The Glorious Presence of the Lord by Michelle Robertson

Flight Delays

FLIGHT DELAYS. Everybody has them. If you fly in or out of Atlanta, you get more than your fair share of them. Mechanical issues, weather issues, personnel issues…it doesn’t take much for your flight to be delayed. But if you think about it, you may want your flight to be delayed. Flying with an engine part that needs to be replaced, or into a tornado-spawning storm, or with one of your pilots missing is never a good thing. Bring on the delay!

Said nobody ever.

Delays are annoying, inconvenient, and sometimes expensive. I heard a story about an extremely irate man whose plane had been delayed for weather. The man was very loud in his displeasure and demanded to see the pilot. (Because, of course, the pilot can fix the weather.) He was yelling about how much the delay was going to cost him, and said that the 2-hour delay caused him to miss a meeting to finalize a multi-million dollar deal. The pilot apologized and explained the situation for the tenth time, but that didn’t appease the man. He went back into rant-mode about the lost millions, the pilot finally responded, “Well sir, next time you have a multi-million dollar deal on the line, perhaps you should fly in the day before to ensure your on-time arrival.”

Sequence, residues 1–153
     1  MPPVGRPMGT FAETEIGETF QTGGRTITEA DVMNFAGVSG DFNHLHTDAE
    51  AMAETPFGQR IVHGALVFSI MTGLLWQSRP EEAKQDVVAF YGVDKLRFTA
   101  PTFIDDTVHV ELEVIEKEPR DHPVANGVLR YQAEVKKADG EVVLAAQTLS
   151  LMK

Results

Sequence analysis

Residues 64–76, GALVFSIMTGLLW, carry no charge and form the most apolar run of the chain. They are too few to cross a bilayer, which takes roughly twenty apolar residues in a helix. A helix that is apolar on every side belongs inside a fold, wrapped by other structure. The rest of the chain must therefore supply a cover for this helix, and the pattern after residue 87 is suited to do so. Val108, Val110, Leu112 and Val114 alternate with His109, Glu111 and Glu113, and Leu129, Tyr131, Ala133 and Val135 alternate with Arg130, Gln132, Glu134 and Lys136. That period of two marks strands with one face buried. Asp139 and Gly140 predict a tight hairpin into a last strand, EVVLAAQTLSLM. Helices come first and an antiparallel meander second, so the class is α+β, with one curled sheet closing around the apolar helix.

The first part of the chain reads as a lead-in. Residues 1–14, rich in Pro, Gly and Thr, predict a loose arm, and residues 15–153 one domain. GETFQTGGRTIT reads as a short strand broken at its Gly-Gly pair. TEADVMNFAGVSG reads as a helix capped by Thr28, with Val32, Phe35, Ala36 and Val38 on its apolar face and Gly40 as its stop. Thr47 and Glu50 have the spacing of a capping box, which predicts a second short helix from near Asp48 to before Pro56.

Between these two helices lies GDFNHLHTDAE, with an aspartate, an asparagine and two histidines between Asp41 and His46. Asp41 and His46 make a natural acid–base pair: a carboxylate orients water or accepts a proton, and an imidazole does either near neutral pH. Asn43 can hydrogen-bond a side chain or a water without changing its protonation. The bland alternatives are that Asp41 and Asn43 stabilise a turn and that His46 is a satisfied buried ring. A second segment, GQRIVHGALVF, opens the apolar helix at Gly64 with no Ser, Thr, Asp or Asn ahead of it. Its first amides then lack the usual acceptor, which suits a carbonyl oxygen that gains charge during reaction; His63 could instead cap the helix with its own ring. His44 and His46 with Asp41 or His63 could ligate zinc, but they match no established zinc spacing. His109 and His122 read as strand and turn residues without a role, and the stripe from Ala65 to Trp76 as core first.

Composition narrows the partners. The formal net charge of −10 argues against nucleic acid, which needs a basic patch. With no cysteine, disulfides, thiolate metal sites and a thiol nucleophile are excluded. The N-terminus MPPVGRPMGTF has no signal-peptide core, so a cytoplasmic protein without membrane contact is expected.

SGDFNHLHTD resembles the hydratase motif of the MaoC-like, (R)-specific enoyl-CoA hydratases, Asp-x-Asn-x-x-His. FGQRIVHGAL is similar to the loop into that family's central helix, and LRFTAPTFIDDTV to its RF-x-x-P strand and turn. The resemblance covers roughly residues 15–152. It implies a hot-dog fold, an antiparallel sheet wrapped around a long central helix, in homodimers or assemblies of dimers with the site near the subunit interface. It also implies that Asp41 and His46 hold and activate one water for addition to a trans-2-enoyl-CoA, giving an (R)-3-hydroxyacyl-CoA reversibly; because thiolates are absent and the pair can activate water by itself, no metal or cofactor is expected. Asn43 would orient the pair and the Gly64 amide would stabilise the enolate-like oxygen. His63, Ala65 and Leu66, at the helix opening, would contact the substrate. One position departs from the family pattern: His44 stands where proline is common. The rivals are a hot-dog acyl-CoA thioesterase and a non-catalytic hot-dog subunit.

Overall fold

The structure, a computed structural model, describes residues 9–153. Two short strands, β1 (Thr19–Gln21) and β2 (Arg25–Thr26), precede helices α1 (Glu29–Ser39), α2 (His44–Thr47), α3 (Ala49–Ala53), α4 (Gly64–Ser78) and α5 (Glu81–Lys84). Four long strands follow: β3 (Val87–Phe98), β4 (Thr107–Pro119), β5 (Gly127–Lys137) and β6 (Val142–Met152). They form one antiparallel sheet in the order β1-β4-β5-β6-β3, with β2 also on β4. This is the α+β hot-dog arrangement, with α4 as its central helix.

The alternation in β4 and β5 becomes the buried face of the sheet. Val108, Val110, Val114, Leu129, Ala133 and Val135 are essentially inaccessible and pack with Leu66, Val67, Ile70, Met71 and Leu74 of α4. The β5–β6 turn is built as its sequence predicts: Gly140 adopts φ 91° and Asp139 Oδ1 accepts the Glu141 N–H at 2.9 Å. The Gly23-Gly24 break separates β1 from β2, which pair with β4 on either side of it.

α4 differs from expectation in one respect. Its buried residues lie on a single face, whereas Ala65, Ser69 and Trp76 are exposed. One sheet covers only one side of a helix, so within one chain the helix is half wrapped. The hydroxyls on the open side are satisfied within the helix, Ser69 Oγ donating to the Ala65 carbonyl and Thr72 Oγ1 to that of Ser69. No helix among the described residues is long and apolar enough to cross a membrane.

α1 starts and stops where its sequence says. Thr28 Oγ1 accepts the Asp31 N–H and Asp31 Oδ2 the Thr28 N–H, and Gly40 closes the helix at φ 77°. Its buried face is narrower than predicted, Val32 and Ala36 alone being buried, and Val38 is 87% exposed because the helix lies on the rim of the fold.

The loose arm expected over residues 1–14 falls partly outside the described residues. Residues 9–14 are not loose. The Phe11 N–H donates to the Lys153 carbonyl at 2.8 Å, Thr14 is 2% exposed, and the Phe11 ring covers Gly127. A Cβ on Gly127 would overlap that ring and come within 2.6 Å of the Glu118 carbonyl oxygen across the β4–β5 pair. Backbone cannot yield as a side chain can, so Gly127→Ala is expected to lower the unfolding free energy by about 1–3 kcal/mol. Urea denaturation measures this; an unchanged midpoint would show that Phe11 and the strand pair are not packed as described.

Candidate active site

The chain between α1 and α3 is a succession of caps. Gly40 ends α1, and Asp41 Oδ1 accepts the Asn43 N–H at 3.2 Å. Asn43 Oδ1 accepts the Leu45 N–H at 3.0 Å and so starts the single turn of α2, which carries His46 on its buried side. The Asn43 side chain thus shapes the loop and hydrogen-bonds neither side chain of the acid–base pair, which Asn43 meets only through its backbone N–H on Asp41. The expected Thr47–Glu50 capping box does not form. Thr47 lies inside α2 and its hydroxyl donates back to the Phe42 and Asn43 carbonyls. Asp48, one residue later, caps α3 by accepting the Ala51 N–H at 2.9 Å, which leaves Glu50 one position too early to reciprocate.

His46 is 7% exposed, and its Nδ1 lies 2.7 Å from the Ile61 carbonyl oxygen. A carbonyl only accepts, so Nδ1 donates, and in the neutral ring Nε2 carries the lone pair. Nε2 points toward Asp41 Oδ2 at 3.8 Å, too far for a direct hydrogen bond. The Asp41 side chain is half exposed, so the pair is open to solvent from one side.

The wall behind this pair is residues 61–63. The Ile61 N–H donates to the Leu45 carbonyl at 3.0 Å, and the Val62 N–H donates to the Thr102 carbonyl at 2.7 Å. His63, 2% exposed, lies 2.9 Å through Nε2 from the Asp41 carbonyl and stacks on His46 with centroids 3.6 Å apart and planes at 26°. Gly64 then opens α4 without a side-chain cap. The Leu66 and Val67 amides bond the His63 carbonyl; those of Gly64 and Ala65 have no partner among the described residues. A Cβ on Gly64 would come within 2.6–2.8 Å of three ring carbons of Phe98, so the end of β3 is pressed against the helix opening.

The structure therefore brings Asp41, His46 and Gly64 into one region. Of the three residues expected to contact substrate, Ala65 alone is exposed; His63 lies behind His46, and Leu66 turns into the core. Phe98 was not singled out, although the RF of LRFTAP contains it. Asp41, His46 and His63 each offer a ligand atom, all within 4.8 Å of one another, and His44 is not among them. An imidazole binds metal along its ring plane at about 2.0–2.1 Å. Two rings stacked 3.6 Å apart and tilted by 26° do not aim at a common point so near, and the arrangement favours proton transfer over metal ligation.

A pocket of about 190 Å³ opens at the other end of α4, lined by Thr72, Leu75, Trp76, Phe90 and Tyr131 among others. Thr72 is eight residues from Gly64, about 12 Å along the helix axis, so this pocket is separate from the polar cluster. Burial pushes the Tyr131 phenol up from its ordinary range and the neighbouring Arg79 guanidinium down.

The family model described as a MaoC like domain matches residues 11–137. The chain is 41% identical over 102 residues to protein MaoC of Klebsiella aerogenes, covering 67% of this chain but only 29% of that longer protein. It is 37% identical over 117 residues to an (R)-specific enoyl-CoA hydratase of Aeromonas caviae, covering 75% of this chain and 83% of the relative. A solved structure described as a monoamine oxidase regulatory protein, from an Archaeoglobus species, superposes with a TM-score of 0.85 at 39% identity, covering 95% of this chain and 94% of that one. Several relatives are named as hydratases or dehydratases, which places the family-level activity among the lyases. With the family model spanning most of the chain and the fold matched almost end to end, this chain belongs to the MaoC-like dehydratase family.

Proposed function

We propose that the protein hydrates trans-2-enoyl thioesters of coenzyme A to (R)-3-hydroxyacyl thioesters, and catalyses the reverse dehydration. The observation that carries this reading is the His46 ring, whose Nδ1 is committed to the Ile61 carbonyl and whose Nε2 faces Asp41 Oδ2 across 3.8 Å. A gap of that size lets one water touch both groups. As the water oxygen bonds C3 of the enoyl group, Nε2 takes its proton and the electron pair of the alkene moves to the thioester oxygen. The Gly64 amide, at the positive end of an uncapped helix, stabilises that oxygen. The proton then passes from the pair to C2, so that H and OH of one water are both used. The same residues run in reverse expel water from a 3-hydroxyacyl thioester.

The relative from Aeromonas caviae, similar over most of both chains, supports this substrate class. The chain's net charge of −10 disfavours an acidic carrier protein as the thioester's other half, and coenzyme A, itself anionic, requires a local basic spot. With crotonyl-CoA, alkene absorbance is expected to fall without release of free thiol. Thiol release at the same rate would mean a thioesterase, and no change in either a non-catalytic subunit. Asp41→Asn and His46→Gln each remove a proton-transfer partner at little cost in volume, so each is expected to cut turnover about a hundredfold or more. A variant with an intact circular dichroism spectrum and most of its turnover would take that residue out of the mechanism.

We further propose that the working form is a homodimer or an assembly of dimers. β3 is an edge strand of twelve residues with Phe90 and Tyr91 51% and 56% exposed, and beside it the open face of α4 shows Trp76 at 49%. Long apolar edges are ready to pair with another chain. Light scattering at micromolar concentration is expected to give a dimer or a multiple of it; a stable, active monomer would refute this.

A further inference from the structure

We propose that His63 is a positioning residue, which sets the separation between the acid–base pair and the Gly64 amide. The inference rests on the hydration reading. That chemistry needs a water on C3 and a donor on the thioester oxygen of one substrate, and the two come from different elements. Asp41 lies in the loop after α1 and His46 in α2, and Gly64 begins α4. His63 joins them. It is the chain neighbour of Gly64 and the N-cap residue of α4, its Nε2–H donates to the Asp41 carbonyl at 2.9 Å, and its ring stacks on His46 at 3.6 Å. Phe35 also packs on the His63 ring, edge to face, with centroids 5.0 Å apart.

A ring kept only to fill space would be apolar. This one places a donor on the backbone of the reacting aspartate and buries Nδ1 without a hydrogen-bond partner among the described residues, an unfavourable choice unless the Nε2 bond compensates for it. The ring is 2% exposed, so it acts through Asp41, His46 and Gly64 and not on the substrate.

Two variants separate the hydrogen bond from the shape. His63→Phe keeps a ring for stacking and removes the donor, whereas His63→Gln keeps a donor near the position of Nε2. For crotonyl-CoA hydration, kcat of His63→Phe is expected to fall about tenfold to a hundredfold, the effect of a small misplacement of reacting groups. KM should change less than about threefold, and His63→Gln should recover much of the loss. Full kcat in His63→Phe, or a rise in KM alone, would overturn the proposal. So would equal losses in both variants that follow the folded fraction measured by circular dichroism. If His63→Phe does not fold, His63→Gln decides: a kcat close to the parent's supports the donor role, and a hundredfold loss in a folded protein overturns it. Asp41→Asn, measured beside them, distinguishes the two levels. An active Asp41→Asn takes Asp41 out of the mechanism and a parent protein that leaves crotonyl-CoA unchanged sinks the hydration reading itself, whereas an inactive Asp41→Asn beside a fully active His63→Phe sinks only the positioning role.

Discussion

He’s got a point. That business man was leaving a lot to chance by only allowing two hours to land, make his way out of the large airport, find a taxi, and get to his downtown meeting on time.